Christopher O’Toole (Technical Consultant) and I were delighted to attend the official launch of the PorterShed, Galway, which is the new innovation hub for start-ups located in the heart of Galway City’s new Innovation district.  What an amazing transformation of a historic building into a funky modern co-working space – well done to all of the board members who have worked tirelessly over the past number of months and in particular congratulations to Maurice O’Gorman, John Breslin and Dave Cunningham who made this vision a reality.  There is a true sense of community once you walk in through the vibrant red door, a warm welcome for everyone and a great sense of pride in showcasing what Galway can achieve to ‘future proof’ the start-up business community and contribute to the economic recovery for the region. Collins McNicholas are delighted to have been able to assist the board during their journey in setting up the facility and we thank you for your acknowledgement of same at the official launch last night – we truly look forward to working with the occupants of the PorterShed moving forward.  We are delighted to announce that will be ‘hot desking’ at the PorterShed on a more regular basis and will be available to provide Recruitment and HR advice to the companies located there, and also available to advise any budding entrepreneurs based in the West who need some guidance around these two particular business areas. Continued success to the PorterShed team, to Mary Rodgers (PorterShed Community Manager) and all of the occupants. Michelle Murphy Director Collins McNicholas Recruitment & HR Services...

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6 Tips When Starting a New Job

Beginning a new job is always a little intimidating. Everyone wants to get off to a great start and impress their new boss, but nerves and uncertainty about a new work environment often stop us from settling into our new job as quickly as we would like. To help you make the best start possible in your new job, we are giving our top 6 tips for starting a new job: First Impressions Count  The single most important thing you can do on your first day is make a good impression with your colleagues. The impact of a bad first impression can linger for a long time, and prove quite difficult to overcome. It is vital that you are punctual and enthusiastic. Show everyone that you are happy to be there. Learn Your Role   Obtain a detailed job description from your boss so that you know precisely what is expected of you, and what you are responsible for. Having a clear understanding of your duties and responsibilities will help you prioritise how much time to give each task. In situations where you are working under a tight deadline, knowing what is the most important task to be completed will help you avoid making any costly mistakes. Understand the Culture  Learn the culture of the company. Most employees will undergo a training period when they start their job. Use this time wisely. Learn everything you can about the company’s policies and procedures, observe how people interact with one another and how they go about their work. Talk to everybody, your new colleagues will be a great source of information on...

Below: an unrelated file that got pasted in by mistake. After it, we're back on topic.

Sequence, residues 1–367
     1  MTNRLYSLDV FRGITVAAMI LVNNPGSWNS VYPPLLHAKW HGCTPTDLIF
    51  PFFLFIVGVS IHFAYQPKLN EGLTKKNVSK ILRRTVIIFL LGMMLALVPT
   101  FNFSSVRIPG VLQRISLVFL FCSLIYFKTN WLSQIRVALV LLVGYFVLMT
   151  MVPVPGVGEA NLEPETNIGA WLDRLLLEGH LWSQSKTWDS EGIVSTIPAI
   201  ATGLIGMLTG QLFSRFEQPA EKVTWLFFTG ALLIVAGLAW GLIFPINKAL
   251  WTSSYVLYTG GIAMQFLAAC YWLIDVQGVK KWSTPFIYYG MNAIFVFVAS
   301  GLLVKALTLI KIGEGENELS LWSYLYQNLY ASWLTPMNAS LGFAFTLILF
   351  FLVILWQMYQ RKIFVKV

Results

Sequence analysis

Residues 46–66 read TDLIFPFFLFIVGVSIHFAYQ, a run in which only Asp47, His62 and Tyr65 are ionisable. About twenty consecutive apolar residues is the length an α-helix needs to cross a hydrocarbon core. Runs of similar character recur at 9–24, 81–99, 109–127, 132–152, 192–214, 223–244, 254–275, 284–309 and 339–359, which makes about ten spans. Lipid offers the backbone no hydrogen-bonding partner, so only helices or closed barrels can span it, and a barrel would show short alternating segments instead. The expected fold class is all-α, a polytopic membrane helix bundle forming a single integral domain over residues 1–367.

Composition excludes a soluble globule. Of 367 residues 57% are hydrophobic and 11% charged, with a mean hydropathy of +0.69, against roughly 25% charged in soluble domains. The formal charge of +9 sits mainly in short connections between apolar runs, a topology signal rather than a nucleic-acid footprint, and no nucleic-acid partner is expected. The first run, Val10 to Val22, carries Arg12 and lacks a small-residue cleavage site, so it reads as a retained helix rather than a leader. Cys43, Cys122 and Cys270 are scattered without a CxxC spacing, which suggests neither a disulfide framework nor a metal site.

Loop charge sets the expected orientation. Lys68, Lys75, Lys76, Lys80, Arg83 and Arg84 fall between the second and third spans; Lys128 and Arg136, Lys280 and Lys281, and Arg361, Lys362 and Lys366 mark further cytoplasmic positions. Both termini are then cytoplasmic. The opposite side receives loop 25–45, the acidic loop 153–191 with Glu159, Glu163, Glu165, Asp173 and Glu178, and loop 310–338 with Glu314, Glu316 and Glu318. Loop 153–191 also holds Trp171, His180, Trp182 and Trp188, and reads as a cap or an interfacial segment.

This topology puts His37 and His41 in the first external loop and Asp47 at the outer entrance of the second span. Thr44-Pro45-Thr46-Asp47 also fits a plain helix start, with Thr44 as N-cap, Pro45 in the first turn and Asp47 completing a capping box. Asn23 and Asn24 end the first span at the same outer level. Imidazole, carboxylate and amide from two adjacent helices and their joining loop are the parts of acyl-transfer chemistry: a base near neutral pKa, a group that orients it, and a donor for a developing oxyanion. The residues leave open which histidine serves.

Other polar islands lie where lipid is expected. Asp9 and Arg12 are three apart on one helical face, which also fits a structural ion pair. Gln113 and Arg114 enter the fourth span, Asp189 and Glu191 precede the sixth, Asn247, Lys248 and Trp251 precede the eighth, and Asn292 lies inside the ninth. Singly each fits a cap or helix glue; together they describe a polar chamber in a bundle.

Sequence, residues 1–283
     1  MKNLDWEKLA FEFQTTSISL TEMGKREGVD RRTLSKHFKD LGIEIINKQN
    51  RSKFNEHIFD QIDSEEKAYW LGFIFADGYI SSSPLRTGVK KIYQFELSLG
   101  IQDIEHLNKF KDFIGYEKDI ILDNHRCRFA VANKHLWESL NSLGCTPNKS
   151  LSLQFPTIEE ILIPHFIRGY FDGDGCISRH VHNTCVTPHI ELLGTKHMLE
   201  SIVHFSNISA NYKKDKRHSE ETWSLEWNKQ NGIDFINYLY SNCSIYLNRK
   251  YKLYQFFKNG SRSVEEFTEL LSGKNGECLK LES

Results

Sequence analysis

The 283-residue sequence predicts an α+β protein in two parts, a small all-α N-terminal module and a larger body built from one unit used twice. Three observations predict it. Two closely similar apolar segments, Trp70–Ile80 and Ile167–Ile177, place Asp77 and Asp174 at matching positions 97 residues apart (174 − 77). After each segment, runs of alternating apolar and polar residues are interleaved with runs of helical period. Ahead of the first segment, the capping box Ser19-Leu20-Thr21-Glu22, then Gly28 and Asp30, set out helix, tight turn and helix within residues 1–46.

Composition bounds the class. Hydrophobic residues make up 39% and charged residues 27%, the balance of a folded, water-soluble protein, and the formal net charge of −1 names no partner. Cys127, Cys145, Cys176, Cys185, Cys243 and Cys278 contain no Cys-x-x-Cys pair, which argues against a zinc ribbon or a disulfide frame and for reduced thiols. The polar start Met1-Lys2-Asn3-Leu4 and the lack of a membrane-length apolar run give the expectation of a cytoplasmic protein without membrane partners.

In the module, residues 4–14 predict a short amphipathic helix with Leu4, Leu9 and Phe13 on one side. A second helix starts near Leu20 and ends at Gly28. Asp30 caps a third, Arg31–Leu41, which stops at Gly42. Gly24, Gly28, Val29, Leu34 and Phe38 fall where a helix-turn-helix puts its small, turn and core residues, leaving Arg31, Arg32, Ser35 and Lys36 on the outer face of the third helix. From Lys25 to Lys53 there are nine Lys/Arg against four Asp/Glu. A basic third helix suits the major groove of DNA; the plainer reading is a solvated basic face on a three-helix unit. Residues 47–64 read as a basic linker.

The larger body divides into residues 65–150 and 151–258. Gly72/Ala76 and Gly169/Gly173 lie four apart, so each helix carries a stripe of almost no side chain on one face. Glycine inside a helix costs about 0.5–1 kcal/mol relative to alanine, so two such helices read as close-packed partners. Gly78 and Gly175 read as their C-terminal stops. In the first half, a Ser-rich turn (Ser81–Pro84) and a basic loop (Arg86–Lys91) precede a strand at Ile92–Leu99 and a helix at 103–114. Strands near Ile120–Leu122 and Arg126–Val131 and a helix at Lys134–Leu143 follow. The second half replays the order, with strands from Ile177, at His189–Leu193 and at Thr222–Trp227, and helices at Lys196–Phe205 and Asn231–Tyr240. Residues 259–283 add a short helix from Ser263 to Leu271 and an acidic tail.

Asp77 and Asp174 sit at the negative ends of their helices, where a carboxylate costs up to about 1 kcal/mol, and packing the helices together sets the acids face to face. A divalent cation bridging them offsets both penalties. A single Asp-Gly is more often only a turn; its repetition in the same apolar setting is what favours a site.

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8 Tips for Staying Calm During a Job Interview

The thought of an interview is often a daunting one. If you remain cool and calm during an interview, you will project an air of confidence which is attractive to a potential employer. You will also demonstrate that you can remain calm when stressful situations arise in the course of your work. To stop nerves getting the better of you, here are some tips to secure that coveted job: Be Prepared Know the job you are interviewing for, review the job description and understand what you can bring to the role. Research the company, their products/services and their competitors. Go onto their website and use LinkedIn to learn about the person who is interviewing you. Practice The more we practice, the more skilled we become. Don’t memorize exact answers to likely interview questions, but do have points prepared of what you want to say to a potential employer. Think about why you want the job and what makes you a great candidate for it.  If you can, do a mock interview with a friend. Nerves tend to make us speak very quickly so try and watch out for that during the mock interview. Arrive Early and Relax Allow yourself plenty of time to get to the interview; you don’t want to give a bad impression by being late. Try to arrive early to give yourself time to gather your thoughts and take a few deep breaths. Think positively and be confident You have already been short listed for interview so the company obviously thinks you can do the job. Focus on your strengths and this will help calm your...